Vico – County Dublin

Mo filming 1b webWords by Maureen McCoy, photos by Paul McCambridge

 

Dublin City has a great tradition of alfresco swimming and further south from the famous Forty Foot, on the Vico Road the pretty area of Dalkey boasts a similar bathing area, The Vico nestled along the cliff edge between Dalkey and Killiney beach, is popular with naturists.

 

Early March this year I travelled back to the Vico, invited by some documentary film-making students from Trinity College. We were lucky, the previous week had been grey and windy and yet the weekend brought with it sunshine, interspersed with the odd shower, perfect spring swimming weather. When I arrived I found the crew had already spent several hours before, setting up time-lapse cameras and planning the story. It’s a little un-nerving having someone new behind the camera, I’m used to photos, not so used to being filmed but variety is the spice of life! Several walks up and down the approaching path certainly warmed me up before I was to get into the water. As the day wore on the regular patrons filtered in and away, stopping for a quick chat, sharing more favoured spots around the country and commenting on the mild weather. “Have you had your swim then?” the constant question, “Not yet, but it’s coming!” As the day faded to evening and the sun sunk ever lower it was time to brave the sea. My last swim that week had been in a lake in the Mourne mountains and had been acutely painful it was so cold, I was now rather nervous that I may squeal and shiver uncontrollably, all to be documented on camera! Joy, the water was not as sharp as that mountain lake. As I swam under the craggy rocks of Hawk Cliff a seal popped his head above the swell some way further out. He’d spent the day milling around, a little curious but otherwise unconcerned with the small stream of swimmers who had been in and out of the sea all day as the tide rose and fell away again. He seemed much less interested in me than I in him.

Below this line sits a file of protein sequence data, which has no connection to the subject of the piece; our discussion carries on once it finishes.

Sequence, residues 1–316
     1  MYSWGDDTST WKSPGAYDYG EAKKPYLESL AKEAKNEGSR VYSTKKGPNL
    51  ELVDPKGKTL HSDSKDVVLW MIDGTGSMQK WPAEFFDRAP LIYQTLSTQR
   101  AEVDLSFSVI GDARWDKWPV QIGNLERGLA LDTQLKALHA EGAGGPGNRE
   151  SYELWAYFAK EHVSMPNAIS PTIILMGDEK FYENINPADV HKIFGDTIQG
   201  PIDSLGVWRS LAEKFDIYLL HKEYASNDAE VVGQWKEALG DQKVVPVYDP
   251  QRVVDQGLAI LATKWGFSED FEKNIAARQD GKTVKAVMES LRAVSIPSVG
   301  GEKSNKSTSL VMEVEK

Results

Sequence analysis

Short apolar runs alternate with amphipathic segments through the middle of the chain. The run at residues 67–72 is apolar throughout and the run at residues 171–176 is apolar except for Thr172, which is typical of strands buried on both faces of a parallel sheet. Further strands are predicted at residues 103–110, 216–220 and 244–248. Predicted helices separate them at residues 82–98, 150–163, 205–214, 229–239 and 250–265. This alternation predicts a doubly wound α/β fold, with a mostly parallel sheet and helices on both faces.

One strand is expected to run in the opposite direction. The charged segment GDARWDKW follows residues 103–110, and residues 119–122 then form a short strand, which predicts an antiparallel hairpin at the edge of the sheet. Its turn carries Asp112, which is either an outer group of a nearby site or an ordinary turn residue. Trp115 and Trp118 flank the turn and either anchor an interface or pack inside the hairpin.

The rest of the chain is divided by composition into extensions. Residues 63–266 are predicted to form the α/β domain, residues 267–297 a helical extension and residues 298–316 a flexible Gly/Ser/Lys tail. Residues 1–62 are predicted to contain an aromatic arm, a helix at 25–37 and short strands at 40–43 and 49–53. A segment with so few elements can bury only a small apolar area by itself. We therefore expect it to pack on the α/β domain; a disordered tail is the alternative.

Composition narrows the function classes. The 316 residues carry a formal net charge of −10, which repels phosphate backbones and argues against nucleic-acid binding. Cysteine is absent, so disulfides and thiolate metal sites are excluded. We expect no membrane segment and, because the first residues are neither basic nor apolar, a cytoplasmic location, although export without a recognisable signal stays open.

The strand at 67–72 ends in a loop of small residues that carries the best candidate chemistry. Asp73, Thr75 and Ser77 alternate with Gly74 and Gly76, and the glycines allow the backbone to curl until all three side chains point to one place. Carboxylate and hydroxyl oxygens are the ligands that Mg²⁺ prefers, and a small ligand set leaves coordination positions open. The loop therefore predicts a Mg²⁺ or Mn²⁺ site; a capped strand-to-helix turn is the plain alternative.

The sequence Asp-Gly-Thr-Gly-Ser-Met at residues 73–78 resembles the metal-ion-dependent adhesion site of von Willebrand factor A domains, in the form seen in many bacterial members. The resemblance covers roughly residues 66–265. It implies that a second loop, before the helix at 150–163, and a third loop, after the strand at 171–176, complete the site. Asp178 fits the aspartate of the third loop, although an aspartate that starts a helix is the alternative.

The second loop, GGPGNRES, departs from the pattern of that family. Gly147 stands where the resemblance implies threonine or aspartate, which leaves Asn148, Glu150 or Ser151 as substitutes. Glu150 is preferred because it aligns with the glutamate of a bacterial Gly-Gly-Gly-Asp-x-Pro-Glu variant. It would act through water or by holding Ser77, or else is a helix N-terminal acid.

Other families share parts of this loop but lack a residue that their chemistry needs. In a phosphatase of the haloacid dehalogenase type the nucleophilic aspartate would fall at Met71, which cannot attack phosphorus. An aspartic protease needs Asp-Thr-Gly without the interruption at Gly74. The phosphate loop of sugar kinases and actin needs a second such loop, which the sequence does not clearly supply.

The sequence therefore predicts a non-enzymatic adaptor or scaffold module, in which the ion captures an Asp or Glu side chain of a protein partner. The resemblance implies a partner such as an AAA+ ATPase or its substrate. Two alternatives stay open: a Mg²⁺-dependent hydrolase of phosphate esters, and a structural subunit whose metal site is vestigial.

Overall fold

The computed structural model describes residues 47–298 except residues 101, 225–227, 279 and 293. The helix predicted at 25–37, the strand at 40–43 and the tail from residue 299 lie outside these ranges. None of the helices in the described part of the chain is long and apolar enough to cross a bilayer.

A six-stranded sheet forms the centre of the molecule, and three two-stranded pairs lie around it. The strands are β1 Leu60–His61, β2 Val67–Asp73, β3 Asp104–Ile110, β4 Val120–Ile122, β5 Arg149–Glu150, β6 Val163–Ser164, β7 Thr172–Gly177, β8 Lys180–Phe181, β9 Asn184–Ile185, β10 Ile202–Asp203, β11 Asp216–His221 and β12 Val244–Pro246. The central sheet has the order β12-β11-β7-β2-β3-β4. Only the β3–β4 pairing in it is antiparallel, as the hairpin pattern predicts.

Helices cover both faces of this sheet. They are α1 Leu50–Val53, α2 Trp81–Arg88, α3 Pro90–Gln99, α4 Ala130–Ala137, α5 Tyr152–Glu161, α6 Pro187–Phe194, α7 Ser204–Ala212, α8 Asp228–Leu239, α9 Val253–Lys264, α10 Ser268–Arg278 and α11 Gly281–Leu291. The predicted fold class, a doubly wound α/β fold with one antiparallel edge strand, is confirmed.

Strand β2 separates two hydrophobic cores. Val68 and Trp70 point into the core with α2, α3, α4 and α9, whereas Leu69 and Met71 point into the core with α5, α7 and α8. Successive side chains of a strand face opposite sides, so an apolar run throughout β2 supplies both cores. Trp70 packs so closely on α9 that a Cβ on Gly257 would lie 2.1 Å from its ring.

Mo filming 2a web

 

Once dressed and just before I left the Vico I looked out to see a pod of porpoises gliding through the water, their dorsal fins slicing the small waves as they passed back and forth across the bay. Below me the final evenings swimmer, a lady around my own age, side-stroked along the shoreline, swimming with ease and un-encumbered by swimwear. I admired her bravery as she finished her swim, climbed out, dried and dressed, unabashed, then made her way back up the long flight of steps in the evening light.